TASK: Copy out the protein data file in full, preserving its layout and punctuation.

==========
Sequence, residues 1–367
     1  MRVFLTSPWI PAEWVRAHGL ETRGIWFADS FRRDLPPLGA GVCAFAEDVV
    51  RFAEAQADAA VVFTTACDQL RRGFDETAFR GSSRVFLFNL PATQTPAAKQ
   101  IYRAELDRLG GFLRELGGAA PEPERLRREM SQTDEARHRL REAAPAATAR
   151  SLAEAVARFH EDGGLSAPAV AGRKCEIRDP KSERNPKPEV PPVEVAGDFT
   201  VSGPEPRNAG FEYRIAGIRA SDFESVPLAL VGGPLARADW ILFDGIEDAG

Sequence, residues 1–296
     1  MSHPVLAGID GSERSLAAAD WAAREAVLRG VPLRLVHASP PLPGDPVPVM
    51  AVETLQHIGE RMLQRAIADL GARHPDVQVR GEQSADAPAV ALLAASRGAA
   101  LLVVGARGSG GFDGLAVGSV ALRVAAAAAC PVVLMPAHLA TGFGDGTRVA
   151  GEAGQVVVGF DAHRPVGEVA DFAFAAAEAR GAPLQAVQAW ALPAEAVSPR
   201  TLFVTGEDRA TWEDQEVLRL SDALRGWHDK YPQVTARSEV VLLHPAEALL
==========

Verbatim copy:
Sequence, residues 1–367
     1  MRVFLTSPWI PAEWVRAHGL ETRGIWFADS FRRDLPPLGA GVCAFAEDVV
    51  RFAEAQADAA VVFTTACDQL RRGFDETAFR GSSRVFLFNL PATQTPAAKQ
   101  IYRAELDRLG GFLRELGGAA PEPERLRREM SQTDEARHRL REAAPAATAR
   151  SLAEAVARFH EDGGLSAPAV AGRKCEIRDP KSERNPKPEV PPVEVAGDFT
   201  VSGPEPRNAG FEYRIAGIRA SDFESVPLAL VGGPLARADW ILFDGIEDAG

Sequence, residues 1–296
     1  MSHPVLAGID GSERSLAAAD WAAREAVLRG VPLRLVHASP PLPGDPVPVM
    51  AVETLQHIGE RMLQRAIADL GARHPDVQVR GEQSADAPAV ALLAASRGAA
   101  LLVVGARGSG GFDGLAVGSV ALRVAAAAAC PVVLMPAHLA TGFGDGTRVA
   151  GEAGQVVVGF DAHRPVGEVA DFAFAAAEAR GAPLQAVQAW ALPAEAVSPR
   201  TLFVTGEDRA TWEDQEVLRL SDALRGWHDK YPQVTARSEV VLLHPAEALL